Mar 21

RT Book Reviews on Stone Mad

Stone Mad by Elizabeth Bear

“This second installment in the Karen Memory series is as well paced and well written as the first. Karen Memory and her relationship with Priya take the forefront here, and Bear does some very insightful examinations of the ways we trust each other, how we sometimes fail that trust, and how—when the love is real—we can learn to accept that people and relationships are never perfect” — RT Book Reviews, 4 stars

Mar 19

Booklist on Stone Mad

Stone Mad by Elizabeth Bear

“Karen and Priya are out for a night on the town when Karen’s irrepressible curiosity gets them entangled with a pair of spiritualists, a stage illusionist, and a riled-up tommy-knocker kidnapped from its mine. The spiritualist Arcade sisters start it off with a bit of table knocking, but it could be a real “haint”—there’s a story, Karen tells us, about a man returned from Alaska who murdered everyone in the place. Then again, it could just be a grift. Priya, more cautious, is having none of it—which leaves Karen in the hotel with the Arcade sisters and Mrs. Horner, the illusionist, when the hotel starts shaking. The Arcade sisters have gotten the attention of something much more dangerous with their tricks. Karen is an affable narrator and an enthusiastic investigator, and the story is an excellent adventure as well as a genuinely touching narrative about relationships and compromise; Bear’s (The Stone in the Skull, 2017) narrative skill and flair for both plot and character continue to impress.” — Booklist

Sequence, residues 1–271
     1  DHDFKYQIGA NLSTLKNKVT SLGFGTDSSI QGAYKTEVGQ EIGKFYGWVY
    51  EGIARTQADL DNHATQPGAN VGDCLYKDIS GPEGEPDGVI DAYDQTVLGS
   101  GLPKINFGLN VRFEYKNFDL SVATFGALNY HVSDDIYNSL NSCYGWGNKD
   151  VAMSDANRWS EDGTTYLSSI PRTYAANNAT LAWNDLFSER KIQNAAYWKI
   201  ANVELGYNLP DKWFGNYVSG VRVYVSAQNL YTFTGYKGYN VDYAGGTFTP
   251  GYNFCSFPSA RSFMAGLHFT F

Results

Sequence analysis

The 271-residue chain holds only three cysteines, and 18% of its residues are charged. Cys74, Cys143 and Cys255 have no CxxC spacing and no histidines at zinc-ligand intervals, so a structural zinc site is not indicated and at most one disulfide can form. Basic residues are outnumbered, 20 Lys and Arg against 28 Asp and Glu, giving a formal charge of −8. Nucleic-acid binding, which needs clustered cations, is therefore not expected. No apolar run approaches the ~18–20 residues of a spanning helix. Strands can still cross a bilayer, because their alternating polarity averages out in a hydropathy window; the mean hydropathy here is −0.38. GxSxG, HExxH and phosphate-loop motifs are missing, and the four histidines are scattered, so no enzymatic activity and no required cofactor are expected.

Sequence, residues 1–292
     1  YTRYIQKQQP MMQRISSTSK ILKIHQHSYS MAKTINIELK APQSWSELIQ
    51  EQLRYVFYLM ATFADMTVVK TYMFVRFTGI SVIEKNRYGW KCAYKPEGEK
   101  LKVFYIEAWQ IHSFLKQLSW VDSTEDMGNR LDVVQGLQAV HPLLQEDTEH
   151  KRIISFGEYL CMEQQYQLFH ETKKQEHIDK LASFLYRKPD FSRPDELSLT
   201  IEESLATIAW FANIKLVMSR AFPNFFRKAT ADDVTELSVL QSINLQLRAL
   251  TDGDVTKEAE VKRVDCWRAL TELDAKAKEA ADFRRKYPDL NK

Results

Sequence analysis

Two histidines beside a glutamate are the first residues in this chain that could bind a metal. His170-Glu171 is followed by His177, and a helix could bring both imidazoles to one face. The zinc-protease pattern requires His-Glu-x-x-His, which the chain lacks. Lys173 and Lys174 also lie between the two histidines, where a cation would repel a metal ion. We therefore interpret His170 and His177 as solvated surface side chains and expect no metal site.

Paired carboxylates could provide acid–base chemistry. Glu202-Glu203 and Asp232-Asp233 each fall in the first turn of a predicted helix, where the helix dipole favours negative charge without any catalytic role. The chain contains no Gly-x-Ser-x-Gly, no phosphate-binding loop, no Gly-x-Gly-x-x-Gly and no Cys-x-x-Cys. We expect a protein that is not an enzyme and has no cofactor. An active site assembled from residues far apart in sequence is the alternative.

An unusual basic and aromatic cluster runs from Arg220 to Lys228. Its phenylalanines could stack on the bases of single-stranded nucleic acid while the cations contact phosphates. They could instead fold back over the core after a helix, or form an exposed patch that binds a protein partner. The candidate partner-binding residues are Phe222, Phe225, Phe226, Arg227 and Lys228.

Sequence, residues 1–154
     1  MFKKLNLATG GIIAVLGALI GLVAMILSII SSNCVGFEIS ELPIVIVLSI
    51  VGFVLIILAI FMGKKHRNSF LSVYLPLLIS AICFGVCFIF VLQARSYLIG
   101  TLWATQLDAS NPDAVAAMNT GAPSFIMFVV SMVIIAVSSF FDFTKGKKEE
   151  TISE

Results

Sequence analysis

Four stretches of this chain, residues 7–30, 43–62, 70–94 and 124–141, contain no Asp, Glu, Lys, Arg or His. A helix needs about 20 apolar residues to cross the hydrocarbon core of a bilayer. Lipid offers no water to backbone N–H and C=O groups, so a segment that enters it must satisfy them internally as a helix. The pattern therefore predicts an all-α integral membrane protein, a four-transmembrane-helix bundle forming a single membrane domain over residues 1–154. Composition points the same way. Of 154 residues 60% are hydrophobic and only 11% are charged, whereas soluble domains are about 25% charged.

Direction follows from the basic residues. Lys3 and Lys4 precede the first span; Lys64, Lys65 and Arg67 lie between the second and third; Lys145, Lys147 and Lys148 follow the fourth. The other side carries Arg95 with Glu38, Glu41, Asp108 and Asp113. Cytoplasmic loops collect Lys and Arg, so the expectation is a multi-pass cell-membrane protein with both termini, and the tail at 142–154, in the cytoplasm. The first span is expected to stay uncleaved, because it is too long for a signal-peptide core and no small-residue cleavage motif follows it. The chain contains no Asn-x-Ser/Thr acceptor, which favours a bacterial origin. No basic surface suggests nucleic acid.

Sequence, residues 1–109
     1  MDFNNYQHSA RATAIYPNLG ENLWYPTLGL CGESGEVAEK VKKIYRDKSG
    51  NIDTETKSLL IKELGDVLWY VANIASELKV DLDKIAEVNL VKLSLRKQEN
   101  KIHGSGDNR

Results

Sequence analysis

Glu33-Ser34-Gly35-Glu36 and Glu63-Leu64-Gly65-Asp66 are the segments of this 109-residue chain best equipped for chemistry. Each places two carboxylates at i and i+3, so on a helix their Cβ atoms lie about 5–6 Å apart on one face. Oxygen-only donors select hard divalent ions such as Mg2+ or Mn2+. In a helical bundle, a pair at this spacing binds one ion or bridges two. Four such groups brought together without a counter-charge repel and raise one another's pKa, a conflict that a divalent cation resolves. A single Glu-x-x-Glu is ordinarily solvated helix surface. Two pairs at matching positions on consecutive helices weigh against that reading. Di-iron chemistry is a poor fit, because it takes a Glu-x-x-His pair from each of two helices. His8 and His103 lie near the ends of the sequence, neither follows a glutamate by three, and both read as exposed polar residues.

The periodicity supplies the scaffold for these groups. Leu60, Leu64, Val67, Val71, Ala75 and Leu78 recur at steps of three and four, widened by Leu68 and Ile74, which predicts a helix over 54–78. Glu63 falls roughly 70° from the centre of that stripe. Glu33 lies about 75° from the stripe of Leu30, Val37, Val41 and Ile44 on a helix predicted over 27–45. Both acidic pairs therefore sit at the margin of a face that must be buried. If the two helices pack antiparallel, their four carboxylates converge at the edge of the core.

Mar 16

Lake Silence is a USA Today bestseller!

Lake Silence by Anne Bishop, the newest book set in the World of the Others, has debuted at #36 on the USA Today bestsellers list!

Mar 14

SYFY Wire talks with Anne Bishop about Lake Silence

Over on SYFY wire there’s a great interview with Anne Bishop where she talks about some the ideas that went into her newest novel, Lake Silence.

Mar 12

Locus on Artificial Condition

Artificial Condition by Martha Wells

“It’s always a treat to read a Martha Wells story, and it turns out that her Murderbot Diaries are an especial delight… Artificial Condition is a story that balances its disparate elements with exceptional skill. It’s perfectly paced, and Wells brings both a strong sense of humour and deep pathos to Murderbot’s character and to their voice. Murderbot, for all their insistence that they’re not really a person, is a very human sort of bot.” — Locus

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